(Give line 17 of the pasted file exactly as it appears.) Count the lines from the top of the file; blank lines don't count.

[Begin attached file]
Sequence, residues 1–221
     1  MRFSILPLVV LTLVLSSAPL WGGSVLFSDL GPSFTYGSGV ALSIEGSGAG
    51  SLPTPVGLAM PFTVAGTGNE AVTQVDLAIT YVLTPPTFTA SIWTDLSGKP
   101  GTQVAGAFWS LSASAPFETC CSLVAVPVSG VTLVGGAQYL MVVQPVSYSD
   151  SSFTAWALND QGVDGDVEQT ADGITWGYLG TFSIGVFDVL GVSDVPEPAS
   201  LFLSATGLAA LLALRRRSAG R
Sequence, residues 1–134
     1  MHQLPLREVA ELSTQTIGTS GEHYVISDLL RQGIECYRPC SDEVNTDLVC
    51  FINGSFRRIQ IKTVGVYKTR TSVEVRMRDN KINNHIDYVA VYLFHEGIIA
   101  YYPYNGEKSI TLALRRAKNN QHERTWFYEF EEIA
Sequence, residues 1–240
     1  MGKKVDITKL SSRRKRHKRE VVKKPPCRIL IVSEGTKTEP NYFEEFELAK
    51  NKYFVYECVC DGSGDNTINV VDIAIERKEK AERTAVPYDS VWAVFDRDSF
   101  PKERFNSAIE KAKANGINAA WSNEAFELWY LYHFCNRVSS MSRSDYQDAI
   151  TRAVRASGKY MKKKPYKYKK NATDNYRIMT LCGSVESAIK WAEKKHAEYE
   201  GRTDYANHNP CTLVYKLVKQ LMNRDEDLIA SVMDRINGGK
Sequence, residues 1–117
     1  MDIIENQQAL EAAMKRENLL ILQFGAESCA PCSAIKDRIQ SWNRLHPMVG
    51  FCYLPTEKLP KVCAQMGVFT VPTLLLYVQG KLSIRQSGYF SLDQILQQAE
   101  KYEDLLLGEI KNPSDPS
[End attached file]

Sequence, residues 1–117